Arizona football: Can’t call this season a successby Anthony Gimino on Dec. 03, 2010, under Sports
Arizona Wildcats coach Mike Stoops had to think about it for a second.
Is this a successful season?
“Success, like I told them, is defined a lot of different ways,” Stoops said in his news conference at Arizona Stadium following a 30-29 loss to Arizona State on Thursday night, the happy screams of Sun Devils fans echoing into the interview room.
“I always have great expectations going into every season and every game. Those expectations won’t change. … It’s certainly disappointing that we didn’t finish better. So, I don’t know. We have to sit back and reflect.
“We just kind of ran out of gas here at the end for whatever reason. …
“It’s hard for me to answer when you’re disappointed in this outcome, that’s for sure.”
Really, the question wasn’t that hard.
The short answer would be no.
When you go from 7-1 to 7-5, ending with a loss to your rival as you have two extra point attempts blocked — one with 27 seconds left in regulation, and another that would have forced a third overtime — this probably isn’t the time to be philosophical about all the various definitions of success.
The season wasn’t a success.
It wasn’t horrible. It wasn’t Arizona State in 2009. It’s still better than anything UCLA has produced in four or five years.
But the Wildcats of 2010 weren’t as good as the Wildcats of 2009, finishing two games worse in conference play when the table was set for them to feast on something just as tasty.
Forget about two of the losses. There was no shame in losing on the road to the No. 1 team in the nation (Oregon) and the best Stanford team in 40 years. That happens.
But close home losses to Oregon State, USC and Arizona State — fellow denizens in the flabby midsection of the Pac-10 — sent this Arizona season hurtling from potentially fabulous to painfully frustrating.
For a team that has little margin of error — as Stoops has, correctly, repeatedly claimed — the Wildcats sure did spend a lot of time committing those errors.
Not even including Alex Zendejas’ blocked extra points Thursday night, Arizona:
– Dropped five or six (seven?) potential interceptions.
– Lost a fumble near midfield early in the fourth quarter when it had a 14-6 lead.
– Committed a hands-to-the-face personal foul penalty in the end zone that turned third-and-goal from the 11 into first-and-goal from the 2. ASU then scored a touchdown for a 17-14 lead.
– Went for it, unsuccessfully, on fourth-and-1 from its 29 with six minutes left. “I thought we could get a yard,” Stoops said later.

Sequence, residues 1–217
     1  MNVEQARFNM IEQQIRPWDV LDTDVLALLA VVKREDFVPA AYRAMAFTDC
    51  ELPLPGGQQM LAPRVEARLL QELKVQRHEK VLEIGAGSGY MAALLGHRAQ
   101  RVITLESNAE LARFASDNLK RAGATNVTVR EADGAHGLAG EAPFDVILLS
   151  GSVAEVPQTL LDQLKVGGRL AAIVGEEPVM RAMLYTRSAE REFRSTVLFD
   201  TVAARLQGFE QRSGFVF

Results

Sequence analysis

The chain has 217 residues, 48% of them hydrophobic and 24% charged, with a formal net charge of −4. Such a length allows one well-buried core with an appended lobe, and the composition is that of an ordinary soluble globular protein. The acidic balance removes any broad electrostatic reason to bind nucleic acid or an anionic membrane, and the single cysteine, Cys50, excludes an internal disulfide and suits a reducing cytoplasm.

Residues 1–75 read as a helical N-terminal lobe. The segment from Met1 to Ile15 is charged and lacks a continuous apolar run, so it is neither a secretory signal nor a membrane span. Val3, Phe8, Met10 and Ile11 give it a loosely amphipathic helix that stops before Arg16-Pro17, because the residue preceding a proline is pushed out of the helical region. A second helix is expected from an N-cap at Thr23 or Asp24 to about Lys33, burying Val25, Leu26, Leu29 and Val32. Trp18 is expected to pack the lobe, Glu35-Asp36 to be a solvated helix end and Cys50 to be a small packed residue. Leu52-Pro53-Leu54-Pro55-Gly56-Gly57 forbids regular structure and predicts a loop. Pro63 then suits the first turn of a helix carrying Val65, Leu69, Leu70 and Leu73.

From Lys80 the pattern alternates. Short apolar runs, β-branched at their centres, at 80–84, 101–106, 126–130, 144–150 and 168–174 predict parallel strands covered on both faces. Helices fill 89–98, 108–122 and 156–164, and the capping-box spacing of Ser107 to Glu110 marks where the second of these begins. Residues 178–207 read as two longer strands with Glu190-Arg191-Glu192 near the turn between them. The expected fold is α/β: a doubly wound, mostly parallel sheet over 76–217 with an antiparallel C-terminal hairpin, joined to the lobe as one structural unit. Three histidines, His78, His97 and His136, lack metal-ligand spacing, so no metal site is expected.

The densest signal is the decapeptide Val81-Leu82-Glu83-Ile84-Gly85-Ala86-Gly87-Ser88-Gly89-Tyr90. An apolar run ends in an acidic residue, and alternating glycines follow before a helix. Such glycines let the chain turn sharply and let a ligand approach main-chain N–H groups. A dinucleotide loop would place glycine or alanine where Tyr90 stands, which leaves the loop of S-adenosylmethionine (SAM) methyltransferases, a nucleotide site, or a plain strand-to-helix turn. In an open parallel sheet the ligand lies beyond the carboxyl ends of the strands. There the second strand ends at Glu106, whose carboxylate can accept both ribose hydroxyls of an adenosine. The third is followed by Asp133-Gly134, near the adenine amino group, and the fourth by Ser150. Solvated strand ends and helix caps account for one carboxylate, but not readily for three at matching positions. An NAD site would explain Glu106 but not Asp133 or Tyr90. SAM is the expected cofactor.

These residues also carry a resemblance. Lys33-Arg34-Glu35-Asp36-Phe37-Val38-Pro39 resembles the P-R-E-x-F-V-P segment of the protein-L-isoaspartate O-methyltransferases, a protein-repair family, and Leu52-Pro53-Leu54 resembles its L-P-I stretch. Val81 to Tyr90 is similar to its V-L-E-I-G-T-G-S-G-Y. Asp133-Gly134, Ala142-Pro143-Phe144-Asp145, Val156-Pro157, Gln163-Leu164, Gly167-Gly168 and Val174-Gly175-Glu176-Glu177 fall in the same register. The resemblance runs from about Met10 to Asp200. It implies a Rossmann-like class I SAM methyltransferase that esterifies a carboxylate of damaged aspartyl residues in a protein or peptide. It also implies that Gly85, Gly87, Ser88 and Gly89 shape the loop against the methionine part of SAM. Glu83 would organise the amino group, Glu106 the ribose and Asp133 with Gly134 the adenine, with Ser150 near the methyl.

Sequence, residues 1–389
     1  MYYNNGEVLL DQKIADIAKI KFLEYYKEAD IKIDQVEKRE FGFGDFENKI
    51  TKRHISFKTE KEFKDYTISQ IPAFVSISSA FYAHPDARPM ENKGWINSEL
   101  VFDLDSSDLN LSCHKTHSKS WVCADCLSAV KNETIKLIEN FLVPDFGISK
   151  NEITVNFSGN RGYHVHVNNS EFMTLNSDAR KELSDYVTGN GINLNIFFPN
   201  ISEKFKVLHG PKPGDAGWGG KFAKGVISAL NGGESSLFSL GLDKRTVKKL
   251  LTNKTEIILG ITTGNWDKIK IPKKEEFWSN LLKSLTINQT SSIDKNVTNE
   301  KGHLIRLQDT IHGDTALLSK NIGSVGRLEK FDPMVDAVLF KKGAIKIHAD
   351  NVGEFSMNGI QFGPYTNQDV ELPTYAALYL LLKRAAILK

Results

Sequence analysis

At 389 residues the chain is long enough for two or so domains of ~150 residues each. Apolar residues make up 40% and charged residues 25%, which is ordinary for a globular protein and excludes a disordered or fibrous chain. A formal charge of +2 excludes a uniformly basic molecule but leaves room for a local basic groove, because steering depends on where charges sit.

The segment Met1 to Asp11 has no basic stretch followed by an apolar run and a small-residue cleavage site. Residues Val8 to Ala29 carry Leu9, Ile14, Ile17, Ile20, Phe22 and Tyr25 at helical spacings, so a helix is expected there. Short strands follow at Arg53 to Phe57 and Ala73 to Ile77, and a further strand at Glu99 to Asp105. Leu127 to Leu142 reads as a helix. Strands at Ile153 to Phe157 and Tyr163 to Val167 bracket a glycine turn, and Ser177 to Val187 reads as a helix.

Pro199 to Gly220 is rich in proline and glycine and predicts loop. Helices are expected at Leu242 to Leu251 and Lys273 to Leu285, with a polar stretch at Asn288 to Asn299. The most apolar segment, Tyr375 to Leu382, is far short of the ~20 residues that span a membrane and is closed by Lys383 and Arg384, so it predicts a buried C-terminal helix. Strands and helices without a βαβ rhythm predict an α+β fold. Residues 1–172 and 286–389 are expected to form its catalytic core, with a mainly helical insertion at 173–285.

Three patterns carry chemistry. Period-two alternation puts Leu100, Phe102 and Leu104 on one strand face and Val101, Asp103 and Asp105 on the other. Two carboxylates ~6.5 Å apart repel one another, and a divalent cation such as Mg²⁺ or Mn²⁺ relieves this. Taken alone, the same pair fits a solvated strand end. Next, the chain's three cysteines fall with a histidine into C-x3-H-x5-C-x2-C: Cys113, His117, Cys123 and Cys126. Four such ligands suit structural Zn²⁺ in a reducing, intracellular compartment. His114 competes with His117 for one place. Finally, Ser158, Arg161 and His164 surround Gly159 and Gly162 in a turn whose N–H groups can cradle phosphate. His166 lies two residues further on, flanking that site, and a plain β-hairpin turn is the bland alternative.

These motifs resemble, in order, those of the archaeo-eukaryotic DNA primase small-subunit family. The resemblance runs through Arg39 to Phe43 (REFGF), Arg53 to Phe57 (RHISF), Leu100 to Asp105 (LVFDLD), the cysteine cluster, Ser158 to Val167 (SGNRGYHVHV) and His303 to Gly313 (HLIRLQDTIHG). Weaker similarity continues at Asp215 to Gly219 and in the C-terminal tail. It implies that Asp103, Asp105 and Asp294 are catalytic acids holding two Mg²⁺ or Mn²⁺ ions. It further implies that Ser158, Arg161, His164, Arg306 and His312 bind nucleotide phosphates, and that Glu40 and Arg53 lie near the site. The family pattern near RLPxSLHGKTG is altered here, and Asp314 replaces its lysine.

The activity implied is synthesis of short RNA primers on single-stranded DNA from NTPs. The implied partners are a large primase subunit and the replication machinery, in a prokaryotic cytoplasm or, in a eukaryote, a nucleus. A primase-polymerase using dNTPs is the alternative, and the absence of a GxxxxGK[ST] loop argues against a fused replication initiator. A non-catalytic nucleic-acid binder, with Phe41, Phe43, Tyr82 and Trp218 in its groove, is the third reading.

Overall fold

– Let ASU quarterback Brock Osweiler out of the pocket too many times; on four occasions, he scrambled for the necessary yardage on third down.
Through it all, the first half — with eight punts and 83 total yards — was such an epic failure that Arizona can only invoke the single word that captures the totality of it: Mackovic-ian.
“Everything that could have gone wrong for us did go wrong,” said senior defensive end Ricky Elmore.
“Missed interceptions, some penalties, fumbles. Just everything, all the way around. Offense. Defense. Special teams. You can’t really point a finger at something specific. It was a whole team meltdown pretty much.”
That pretty much describes the past month.
There was a time — and it wasn’t that long ago — when seven regular-season victories and a bowl game was a success. So if you blame Stoops for not reaching the bar this season, credit him for at least raising it that high.
So, what happened?
Was it a factor of coaching? Play-calling? The creation of co-coordinators on both sides of the ball? An accumulation of nagging injuries? Dumb luck?
The simplest answer: Stoops just needs to bring in better players.
He has solid, useful guys at most spots. That’s an improvement over the way things were. But if you’re counting up truly elite talent, your list starts with junior receiver Juron Criner … and junior quarterback Nick Foles is one clutch dude … and then … what exactly?
Arizona doesn’t have the talent to pull away from most of the teams in the Pac-10, so it ends up getting into these down-to-the-wire games, where, with a roll of the dice, you win some, you lose some.
“That’s just part of football,” Stoops said. “We’ve all been on the good side of it, the bad side of it. Life goes on.”
Life will go on with Arizona having lost its last three oh-so-winnable close games at home — Oregon State, USC and Arizona State.
With that, no way you can call the season a success.